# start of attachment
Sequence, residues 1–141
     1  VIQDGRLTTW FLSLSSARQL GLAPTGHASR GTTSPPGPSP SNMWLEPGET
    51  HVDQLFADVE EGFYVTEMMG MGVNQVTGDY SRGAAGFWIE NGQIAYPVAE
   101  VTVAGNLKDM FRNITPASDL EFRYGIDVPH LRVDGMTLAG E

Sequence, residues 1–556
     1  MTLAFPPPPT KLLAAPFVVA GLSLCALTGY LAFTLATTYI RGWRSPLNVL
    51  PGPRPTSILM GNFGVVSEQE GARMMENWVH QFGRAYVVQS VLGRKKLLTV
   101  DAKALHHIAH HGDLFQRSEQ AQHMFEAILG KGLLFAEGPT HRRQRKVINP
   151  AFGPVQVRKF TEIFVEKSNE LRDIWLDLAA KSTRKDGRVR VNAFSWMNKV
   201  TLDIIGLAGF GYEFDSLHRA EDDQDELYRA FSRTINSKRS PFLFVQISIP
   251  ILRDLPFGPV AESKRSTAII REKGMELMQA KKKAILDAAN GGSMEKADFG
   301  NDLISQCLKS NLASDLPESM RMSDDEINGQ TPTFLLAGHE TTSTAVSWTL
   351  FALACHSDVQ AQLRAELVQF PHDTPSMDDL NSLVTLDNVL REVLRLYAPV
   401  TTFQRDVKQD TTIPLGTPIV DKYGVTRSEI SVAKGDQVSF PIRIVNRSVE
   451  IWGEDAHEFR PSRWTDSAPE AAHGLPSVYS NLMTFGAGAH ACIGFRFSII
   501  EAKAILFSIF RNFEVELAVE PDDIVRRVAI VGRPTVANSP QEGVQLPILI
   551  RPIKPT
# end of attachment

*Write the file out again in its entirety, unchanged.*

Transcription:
Sequence, residues 1–141
     1  VIQDGRLTTW FLSLSSARQL GLAPTGHASR GTTSPPGPSP SNMWLEPGET
    51  HVDQLFADVE EGFYVTEMMG MGVNQVTGDY SRGAAGFWIE NGQIAYPVAE
   101  VTVAGNLKDM FRNITPASDL EFRYGIDVPH LRVDGMTLAG E

Sequence, residues 1–556
     1  MTLAFPPPPT KLLAAPFVVA GLSLCALTGY LAFTLATTYI RGWRSPLNVL
    51  PGPRPTSILM GNFGVVSEQE GARMMENWVH QFGRAYVVQS VLGRKKLLTV
   101  DAKALHHIAH HGDLFQRSEQ AQHMFEAILG KGLLFAEGPT HRRQRKVINP
   151  AFGPVQVRKF TEIFVEKSNE LRDIWLDLAA KSTRKDGRVR VNAFSWMNKV
   201  TLDIIGLAGF GYEFDSLHRA EDDQDELYRA FSRTINSKRS PFLFVQISIP
   251  ILRDLPFGPV AESKRSTAII REKGMELMQA KKKAILDAAN GGSMEKADFG
   301  NDLISQCLKS NLASDLPESM RMSDDEINGQ TPTFLLAGHE TTSTAVSWTL
   351  FALACHSDVQ AQLRAELVQF PHDTPSMDDL NSLVTLDNVL REVLRLYAPV
   401  TTFQRDVKQD TTIPLGTPIV DKYGVTRSEI SVAKGDQVSF PIRIVNRSVE
   451  IWGEDAHEFR PSRWTDSAPE AAHGLPSVYS NLMTFGAGAH ACIGFRFSII
   501  EAKAILFSIF RNFEVELAVE PDDIVRRVAI VGRPTVANSP QEGVQLPILI
   551  RPIKPT